This City, My City (after Fatimah Asghar)

A white womxn speaks to me,

Who are your people, where are you from?

West Philly, I reply.

Where are you from?

I am African-American.

I mean your ancestry. Where are really you from?

I do not know.

You do not know?

I do not know.

I do know this city, my city:
That when I open my eyes and look at my people
I see hurricane
I ask her,
How do you quiet storm? How do you secret everlasting strength?

“these are my people & I find
them on the street & shadow . . .”

  1. Uncle Khaled’s molar teeth gnaw on miswak on the MFL train platform
    In his good Nike’s and black thobe at asr prayer time
  2. Ayah sucks all of the Cheetos dust off of her fingers
    One at a time beneath the Ramadan Moon
  3. Bilal, the reincarnated muadhin of the 4th floor of the middle school rides his bike down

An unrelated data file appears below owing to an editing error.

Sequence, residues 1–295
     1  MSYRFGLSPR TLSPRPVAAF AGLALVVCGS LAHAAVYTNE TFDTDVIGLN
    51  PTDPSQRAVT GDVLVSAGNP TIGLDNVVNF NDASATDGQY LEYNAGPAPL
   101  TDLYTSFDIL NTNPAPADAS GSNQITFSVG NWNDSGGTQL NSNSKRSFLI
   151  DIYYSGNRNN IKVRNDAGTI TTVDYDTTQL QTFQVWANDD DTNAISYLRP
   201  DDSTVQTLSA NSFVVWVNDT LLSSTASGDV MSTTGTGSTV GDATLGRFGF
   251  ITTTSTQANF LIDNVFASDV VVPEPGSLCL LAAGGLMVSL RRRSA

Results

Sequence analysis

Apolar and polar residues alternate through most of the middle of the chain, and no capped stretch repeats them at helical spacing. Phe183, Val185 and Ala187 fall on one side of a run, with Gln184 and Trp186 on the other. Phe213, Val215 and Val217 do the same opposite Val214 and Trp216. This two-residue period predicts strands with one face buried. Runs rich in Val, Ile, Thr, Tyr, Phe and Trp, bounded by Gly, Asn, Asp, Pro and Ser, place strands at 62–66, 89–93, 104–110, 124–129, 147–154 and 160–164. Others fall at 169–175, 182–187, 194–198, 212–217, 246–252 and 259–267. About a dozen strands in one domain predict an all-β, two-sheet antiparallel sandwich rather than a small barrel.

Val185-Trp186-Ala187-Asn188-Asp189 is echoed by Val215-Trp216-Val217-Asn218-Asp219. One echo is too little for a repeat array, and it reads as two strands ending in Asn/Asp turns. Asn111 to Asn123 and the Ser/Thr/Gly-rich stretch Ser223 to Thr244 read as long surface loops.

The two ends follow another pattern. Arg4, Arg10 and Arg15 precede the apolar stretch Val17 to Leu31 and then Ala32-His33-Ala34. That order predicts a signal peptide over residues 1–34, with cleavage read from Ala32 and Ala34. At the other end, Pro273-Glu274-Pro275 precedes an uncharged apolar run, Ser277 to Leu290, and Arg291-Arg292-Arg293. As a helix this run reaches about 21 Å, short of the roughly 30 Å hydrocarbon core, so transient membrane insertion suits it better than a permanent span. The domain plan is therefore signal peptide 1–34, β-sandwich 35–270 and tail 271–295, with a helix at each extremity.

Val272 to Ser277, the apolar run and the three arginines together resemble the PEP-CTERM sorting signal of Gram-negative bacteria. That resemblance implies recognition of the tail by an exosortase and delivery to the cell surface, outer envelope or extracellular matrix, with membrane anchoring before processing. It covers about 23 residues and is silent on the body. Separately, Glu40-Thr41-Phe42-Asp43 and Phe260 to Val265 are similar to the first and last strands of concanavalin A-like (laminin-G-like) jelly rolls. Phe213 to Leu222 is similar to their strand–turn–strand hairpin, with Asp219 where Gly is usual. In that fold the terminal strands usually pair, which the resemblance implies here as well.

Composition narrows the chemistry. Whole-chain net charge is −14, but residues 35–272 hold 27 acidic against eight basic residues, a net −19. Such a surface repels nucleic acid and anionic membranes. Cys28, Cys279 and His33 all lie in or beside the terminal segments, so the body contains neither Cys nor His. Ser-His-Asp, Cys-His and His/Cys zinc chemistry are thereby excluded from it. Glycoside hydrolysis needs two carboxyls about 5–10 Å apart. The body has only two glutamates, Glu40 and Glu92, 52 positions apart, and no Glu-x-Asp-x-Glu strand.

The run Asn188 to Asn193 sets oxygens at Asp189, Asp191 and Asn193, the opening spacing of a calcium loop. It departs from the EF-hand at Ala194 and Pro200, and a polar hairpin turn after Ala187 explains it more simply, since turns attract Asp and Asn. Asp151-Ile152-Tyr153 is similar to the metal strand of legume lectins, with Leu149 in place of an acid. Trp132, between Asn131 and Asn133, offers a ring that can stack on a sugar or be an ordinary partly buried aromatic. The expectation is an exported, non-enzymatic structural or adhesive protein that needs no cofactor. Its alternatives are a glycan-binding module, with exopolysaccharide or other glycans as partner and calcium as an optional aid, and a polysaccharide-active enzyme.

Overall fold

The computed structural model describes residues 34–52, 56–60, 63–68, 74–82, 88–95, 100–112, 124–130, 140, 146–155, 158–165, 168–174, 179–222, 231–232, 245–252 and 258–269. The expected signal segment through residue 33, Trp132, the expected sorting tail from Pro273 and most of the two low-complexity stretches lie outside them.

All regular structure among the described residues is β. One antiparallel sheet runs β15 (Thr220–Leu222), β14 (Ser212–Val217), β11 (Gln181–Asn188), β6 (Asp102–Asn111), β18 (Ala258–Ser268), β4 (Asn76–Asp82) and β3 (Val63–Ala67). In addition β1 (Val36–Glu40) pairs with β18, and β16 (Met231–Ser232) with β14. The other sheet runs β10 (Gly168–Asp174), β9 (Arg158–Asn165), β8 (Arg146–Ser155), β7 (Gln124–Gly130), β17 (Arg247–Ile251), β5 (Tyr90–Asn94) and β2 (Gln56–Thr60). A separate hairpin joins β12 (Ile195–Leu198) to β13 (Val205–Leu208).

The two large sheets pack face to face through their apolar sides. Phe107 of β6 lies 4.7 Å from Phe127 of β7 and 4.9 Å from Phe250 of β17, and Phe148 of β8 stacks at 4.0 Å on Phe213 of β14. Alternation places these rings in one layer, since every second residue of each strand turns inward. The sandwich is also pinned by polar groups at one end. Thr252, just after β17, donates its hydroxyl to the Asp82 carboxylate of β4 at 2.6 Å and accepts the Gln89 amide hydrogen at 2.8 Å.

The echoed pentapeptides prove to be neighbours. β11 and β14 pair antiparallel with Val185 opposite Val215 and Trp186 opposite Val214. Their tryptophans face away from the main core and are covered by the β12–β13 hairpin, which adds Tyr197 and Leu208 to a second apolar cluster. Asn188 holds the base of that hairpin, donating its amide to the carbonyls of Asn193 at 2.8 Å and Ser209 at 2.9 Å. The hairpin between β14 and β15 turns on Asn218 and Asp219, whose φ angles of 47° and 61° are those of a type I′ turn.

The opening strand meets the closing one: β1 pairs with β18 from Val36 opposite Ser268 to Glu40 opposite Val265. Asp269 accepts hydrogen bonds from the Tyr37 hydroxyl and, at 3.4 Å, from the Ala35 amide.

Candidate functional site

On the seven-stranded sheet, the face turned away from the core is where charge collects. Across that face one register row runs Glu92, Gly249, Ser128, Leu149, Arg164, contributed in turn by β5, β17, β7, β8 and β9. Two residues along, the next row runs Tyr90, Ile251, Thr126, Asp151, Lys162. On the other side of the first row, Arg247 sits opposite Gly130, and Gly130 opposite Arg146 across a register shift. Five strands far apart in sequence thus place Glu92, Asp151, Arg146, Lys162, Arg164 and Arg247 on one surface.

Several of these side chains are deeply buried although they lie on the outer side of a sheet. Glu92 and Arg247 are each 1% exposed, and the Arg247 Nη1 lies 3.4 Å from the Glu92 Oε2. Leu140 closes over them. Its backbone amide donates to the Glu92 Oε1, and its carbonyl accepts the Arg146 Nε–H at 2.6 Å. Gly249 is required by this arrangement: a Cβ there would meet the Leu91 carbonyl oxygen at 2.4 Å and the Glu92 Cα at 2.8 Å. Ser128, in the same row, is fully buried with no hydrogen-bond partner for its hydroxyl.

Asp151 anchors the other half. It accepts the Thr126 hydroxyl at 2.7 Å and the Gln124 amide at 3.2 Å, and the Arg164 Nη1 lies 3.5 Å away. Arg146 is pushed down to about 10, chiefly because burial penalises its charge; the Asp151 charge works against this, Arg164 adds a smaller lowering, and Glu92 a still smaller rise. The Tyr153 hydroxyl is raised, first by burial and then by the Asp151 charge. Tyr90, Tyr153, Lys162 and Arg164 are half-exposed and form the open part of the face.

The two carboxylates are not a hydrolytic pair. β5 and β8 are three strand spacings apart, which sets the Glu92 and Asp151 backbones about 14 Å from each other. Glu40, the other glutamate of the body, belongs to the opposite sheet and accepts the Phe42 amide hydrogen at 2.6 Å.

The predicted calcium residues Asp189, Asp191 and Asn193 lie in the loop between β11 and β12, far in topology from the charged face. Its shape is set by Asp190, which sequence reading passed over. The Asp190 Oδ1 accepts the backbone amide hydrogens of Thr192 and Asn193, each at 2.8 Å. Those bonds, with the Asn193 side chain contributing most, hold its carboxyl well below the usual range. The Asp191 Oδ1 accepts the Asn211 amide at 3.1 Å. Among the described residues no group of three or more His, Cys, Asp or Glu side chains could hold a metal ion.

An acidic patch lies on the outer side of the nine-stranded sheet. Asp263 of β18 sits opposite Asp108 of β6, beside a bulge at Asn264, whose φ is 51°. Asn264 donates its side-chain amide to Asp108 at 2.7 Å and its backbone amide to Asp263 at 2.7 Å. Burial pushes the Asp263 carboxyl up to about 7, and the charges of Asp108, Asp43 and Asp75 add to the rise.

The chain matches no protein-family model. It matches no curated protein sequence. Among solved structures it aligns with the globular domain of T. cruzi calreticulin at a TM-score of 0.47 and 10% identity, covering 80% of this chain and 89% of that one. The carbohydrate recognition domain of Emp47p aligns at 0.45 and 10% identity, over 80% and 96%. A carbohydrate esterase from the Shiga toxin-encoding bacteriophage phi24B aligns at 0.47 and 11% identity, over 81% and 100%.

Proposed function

Parkside Avenue with his friends. But only on the back wheel
    Allah dog tags around necks and starched white tees. Shape-ups and hair grease
  4. Angela drives the 10 trolley, west
    Her voice greets me, salaam

And if shahid becomes a prefix to my name, ya Allah, my Allah
Let them catch me, too
Mid-breath
Glasses off
Magnolia blossom in hand
The petals falling as snowflakes. The dissonance of gold and silver
Please let them remember me as more than this not knowing
Let them remember me as I remember them
More than an exotic fish, in or outside of water

We are an entire storm —
This fully formed Black Muslim West Philadelphia,
A jagged, clawed thing
Bearing its teeth. Tenderly

Used with permission by the author. This poem was read in the On Being episode “Called and Conflicted.”

Reflections